An ancient enigma

By | Travel
Stonehenge, an ancient archaeological marvel. Credit: Suruchi Sharma Diwan

Built during the Stone Age in 3,000 BC, Stonehenge may be one of the world’s most well known sites. A pile of rocks, standing in the middle of open space, in a vast green land; that is how some novices generally describe Britain’s iconic archaeological site, Stonehenge.

This  ring of monolithic stones has been luring a steady flow of nomads, dreamers, poets and philosophers for the last 5,000 years. Stonehenge seems to still manage to be a mystical and ethereal place – a lingering echo from Britain’s past, and a reminder of the ceremonial marvels of what ancestors were able to accomplish.

Visiting Stonehenge may be simple – take a train from central London to Salisbury, from there, hop on the tour bus from Salisbury to Stonehenge. The perks of taking the bus tour – apart from offering direct entry to the world heritage site, and thus eliminating the long queues, it may offer complimentary entry into a 3,000 year historical town called Old Sarum (site of the earliest settlement of Salisbury).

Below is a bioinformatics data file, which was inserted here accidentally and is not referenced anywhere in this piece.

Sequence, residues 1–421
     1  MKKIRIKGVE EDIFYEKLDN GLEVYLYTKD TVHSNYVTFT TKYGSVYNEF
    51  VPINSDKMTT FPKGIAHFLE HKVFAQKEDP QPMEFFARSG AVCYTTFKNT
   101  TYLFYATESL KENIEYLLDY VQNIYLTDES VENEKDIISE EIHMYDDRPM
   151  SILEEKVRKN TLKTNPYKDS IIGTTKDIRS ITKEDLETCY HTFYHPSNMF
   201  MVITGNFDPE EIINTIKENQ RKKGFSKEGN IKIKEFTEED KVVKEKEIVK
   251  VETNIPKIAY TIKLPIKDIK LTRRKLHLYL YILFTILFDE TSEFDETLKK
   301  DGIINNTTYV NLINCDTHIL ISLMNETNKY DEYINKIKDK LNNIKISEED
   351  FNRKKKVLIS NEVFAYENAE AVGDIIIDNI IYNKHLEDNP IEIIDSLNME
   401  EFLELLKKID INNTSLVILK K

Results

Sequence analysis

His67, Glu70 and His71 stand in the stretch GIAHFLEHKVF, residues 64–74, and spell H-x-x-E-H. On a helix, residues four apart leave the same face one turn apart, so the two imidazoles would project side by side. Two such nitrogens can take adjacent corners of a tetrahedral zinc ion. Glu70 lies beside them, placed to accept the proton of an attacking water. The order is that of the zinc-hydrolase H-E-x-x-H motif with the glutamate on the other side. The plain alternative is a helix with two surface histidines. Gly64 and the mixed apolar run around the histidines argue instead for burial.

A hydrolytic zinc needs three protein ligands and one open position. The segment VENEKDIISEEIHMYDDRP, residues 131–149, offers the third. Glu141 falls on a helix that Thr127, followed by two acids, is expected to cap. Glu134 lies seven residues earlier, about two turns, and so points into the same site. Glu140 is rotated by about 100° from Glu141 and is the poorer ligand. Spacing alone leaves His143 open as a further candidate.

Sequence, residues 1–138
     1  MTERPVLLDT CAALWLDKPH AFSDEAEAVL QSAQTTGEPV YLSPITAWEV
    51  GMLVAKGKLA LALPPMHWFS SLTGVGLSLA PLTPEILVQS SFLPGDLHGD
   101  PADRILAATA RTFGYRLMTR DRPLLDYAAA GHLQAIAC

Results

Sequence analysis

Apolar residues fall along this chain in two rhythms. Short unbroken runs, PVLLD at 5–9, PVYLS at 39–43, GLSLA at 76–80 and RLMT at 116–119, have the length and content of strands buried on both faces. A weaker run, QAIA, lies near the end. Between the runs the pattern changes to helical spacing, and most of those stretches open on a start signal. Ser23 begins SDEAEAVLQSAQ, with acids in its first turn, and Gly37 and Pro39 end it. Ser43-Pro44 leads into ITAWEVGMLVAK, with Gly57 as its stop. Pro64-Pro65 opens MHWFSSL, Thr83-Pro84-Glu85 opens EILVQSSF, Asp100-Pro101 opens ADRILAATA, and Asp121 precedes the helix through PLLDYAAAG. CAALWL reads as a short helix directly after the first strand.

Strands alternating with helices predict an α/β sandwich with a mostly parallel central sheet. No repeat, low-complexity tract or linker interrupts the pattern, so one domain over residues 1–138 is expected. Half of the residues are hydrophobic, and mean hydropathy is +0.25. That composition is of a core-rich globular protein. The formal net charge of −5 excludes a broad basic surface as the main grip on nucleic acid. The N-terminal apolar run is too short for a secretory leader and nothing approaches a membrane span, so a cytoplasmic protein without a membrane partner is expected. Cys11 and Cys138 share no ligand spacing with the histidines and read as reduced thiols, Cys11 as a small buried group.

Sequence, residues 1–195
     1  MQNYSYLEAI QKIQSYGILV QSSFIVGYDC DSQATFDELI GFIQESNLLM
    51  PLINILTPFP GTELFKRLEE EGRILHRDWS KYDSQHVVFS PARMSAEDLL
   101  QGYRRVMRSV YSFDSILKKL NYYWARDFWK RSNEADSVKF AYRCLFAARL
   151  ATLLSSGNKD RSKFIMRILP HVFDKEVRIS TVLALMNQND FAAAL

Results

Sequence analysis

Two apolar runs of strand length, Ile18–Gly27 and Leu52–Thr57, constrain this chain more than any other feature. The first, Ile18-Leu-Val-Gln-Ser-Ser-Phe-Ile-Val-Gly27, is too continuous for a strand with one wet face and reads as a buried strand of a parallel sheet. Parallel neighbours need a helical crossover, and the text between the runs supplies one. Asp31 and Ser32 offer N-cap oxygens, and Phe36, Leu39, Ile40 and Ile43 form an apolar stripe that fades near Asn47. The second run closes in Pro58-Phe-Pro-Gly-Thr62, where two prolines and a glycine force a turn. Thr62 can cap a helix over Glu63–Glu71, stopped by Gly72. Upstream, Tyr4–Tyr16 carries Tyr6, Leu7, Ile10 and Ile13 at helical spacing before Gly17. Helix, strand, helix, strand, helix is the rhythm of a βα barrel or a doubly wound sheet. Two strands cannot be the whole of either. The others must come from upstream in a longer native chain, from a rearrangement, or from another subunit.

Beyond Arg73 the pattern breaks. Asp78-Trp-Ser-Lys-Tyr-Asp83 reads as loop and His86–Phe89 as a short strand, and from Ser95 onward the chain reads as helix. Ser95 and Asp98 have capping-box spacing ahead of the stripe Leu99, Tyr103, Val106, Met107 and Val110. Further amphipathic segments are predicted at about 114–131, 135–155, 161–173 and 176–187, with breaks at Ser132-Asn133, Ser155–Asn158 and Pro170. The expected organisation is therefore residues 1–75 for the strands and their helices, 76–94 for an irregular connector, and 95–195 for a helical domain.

The first glimpse of Stonehenge may come from the road, playing hide and seek on the A303 that leads towards the entrance to the monument. More than only ‘some stones standing on the ground,’ and they form an interesting horseshoe pattern, with some rocks being placed on top of each other.

There are various stories and myths related to the site. Some point toward Stonehenge being an astrological calendar used by farmers, while others believe this was a place of healing (since the blue stones have been associated with the powers of healing). The mounds close to the site, which are said to be the burial site for royalty, give the place a spiritual meaning.

However, the closest explanation of Stonehenge is it being the place of worship or the temple of the sun god, the alignment of stones with the rising and setting of the sun being one example. All these myths and theories further enhance the questions surrounding this structure.

A fence surrounds Stonehenge, keeping visitors at a safe distance. Though there is a special access tour which allows visitors inside the circle and stand in the middle of the structure, it is available only on selected times. Either early in the morning or in the evening, and needs to be pre booked and paid for in advance.

Which other manmade structure offer a sense of mystery?

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